Overwhelming number of objections to Glen Creran gravel quarry plan
MORE than 1,100 objections have been lodged against a plan to build a sand and gravel quarry at Glasdrum, Fasnacloich, on the Glen Creran Estate.
Argyll-based applicant A & L McCrae Ltd, which mines aggregates at Barrachander Quarry near Kilchrenan, lodged a planning application in November for the ‘development of a quarry allowing for the extraction and processing of sand and gravel and the final restoration of land’.
Around 80 people packed Appin Village Hall in June for a pre-application community council meeting, when all but four members of the public voted against the plan as proposed by A& L McCrae’s agent Dalgleish Associates.
With the application now closed for comment, Appin, Connel, and Duror and Kentallen community councils have all objected to the quarry, arguing it would breach the local development plan.
Duror and Kentallen chairman Jonathan Baxter wrote: ‘There is a presumption against any quarry activities unless there is an exceptional shortage of materials within a 30-mile radius of Glen Creran. There are already quarries that can provide the same materials: Connel, Benderloch, Bonawe, Barrachander and Glensanda. Within the Lorn development plan you are required to exhaust all current reserves before you can consider another quarry.
‘We also understand Glen Creran will be used for inert material, in other words ‘a dumping ground’. This will mean even more lorry movements. The approach road is single track and very narrow. Residents are extremely concerned an accident will occur.’
On Appin’s behalf, convenor Charles Steuart Fothringham objected: ‘The proposed development brings no benefit to the Appin community and would indeed detract from its economy by causing harm, particularly to a key tourist destination.’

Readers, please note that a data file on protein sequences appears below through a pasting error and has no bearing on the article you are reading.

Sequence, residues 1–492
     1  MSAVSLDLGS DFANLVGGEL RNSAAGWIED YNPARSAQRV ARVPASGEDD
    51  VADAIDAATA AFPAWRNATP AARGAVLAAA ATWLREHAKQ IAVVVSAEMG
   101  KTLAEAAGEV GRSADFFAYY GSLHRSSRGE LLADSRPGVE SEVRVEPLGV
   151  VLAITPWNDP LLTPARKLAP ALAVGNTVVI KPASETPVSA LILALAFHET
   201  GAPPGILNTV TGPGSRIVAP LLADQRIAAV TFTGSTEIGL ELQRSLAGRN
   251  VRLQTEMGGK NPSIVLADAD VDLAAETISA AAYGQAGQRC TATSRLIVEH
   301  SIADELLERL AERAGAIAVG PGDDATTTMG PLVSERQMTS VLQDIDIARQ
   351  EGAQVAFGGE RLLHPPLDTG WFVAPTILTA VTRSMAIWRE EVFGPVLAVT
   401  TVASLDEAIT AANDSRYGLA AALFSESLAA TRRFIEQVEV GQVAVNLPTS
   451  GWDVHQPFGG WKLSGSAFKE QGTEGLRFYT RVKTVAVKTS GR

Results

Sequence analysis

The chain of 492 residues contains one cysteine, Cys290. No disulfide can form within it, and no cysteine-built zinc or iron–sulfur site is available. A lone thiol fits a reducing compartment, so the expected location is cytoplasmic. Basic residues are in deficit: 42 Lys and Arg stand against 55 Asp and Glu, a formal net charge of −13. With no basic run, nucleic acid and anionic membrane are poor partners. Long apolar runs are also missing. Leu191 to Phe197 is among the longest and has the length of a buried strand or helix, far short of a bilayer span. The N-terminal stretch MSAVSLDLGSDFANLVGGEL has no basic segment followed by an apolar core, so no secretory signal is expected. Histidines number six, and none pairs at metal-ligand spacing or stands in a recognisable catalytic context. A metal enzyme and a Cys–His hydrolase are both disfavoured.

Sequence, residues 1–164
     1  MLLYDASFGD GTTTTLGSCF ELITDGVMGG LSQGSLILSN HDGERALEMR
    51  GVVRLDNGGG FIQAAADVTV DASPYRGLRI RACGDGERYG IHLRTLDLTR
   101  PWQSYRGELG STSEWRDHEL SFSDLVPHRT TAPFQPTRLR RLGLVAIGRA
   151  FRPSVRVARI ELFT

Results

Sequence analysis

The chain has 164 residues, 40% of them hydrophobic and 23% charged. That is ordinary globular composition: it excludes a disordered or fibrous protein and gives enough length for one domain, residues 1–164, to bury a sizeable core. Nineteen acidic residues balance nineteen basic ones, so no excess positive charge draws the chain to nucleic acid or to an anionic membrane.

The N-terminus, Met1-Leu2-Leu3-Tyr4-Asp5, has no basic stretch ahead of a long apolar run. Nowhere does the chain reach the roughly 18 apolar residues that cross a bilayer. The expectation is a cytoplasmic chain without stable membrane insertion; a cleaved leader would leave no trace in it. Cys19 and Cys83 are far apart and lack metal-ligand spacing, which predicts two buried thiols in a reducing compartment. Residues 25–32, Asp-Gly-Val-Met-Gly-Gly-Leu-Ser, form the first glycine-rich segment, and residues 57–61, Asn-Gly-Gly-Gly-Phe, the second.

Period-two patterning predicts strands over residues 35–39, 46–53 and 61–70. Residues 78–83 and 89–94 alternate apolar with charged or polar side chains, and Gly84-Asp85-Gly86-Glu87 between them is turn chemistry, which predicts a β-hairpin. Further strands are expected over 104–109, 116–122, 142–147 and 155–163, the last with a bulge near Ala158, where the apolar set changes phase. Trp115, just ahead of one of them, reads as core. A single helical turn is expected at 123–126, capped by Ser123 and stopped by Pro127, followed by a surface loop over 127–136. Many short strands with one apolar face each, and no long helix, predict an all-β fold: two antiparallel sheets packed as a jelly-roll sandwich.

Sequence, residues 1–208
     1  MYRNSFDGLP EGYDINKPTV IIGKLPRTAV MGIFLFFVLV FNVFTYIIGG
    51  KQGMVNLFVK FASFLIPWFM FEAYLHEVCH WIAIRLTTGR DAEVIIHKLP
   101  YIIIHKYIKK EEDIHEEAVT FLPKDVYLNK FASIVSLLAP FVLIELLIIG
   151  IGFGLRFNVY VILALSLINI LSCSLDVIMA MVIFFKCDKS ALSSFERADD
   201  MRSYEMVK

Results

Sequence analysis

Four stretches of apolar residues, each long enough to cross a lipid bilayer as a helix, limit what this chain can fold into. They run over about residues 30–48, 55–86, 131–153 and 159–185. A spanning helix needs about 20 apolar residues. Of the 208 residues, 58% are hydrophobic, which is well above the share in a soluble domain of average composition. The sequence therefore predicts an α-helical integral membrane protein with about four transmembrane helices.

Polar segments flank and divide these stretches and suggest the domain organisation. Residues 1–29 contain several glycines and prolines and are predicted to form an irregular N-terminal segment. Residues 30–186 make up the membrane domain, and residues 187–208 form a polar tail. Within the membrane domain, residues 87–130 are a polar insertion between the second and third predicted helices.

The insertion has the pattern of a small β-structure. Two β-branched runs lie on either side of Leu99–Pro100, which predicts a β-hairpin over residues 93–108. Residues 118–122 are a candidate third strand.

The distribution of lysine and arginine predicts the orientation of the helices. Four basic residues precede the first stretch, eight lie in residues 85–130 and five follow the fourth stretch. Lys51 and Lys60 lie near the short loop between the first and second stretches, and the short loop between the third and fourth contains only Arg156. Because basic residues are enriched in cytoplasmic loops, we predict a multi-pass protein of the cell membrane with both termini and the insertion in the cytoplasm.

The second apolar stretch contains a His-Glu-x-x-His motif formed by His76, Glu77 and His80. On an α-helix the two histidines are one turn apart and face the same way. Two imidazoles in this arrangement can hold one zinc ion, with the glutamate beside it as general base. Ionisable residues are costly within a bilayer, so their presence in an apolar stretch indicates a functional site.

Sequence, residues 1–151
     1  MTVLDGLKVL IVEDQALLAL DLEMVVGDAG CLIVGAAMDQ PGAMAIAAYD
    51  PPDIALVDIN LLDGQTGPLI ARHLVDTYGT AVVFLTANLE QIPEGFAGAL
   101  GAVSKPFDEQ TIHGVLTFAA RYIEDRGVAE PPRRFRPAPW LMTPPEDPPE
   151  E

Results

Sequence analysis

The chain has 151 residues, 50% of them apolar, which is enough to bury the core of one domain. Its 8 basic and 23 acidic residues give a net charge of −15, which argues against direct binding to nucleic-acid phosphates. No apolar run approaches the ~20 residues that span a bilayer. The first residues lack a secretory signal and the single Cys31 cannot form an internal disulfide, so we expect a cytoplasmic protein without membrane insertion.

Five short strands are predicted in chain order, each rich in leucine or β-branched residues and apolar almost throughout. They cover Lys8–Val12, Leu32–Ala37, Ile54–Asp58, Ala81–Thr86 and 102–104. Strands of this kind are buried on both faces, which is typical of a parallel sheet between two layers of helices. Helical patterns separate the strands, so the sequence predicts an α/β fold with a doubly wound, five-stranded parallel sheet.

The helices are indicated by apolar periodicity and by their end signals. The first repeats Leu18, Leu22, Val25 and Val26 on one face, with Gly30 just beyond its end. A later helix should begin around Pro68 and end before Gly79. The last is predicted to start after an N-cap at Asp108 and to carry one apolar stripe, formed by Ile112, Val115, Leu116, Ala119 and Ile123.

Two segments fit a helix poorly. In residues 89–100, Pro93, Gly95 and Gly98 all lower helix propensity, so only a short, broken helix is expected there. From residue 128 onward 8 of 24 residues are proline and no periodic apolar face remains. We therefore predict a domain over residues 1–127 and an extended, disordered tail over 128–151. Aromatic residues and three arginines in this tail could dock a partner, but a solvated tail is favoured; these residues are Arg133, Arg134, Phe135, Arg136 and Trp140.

Connel’s secretary Roger Ashforth added: ‘If this proposal is allowed, the result will be the continued industrial encroachment into Argyll’s beautiful and historic glens and countryside. This will have a detrimental impact on our important tourist income. The additional traffic density will strain our already inadequate roads, including Connel Bridge, and exacerbate road safety issues along the main road through Connel.’
Oban North and Lorn councillor Kieron Green objected, arguing there is ‘insufficient evidence of demand for sand and gravel in the local area’ plus ‘inadequate’ roads for the proposed volume of extraction and ‘the location in a sensitive and scenic area’.
Noting the ‘overwhelming’ local objection, councillor Julie McKenzie also added her fears over depopulation: ‘Already tenants have been moved from their homes due to this proposal.
‘Further depopulation will be inevitable as the landowner has already made it clear to residents this is the starting point for a 25year project that would see this quarry progress from one end of the glen to the other.’
Rev Alexander Stoddart, minister in Duror and Kentallen, said: ‘I understand the landowner is not resident locally, therefore their interest is purely financial and they wouldn’t have to tolerate any inconvenience unlike local residents.’
Sailing legend Rev Bob Shepton agreed: ‘It would appear to be pure greed on behalf of the landowner riding roughshod over strong and considerable lo- cal opinion against the quarry.’ Scottish actress Gerda Stevenson asked: ‘How can our nation, and our government, allow such a supreme asset to be destroyed and plundered for the profit of a single individual?’
Further afield, Professor Donna Rae Hirt of the Massachusetts College of Art and Design said authorities would be ‘ill-advised to go through with this rape of the beautiful, vulnerable land God gave to Scotland to enjoy and protect.
‘I will cancel my projected vacation to Scotland and never return again if you allow this perpetration.
‘I will furthermore discourage anyone I know who is thinking of travelling to Scotland, not to do so if this ominous plan is carried out.’
While the vast majority were objections, there were a few supporters.
Ross Hodson of MacLeod Construction, ‘the largest builders based in Argyll and a heavy user of quarry materials’, welcomed ‘transporting materials a shorter distance’.
‘There is a need and demand for quarry products and materials particularly sand and gravel in North Argyll,’ he said.
‘Economic supply of building materials helps stabilise construction costs making it more economical to build new homes.’
The site of the proposed new quarry.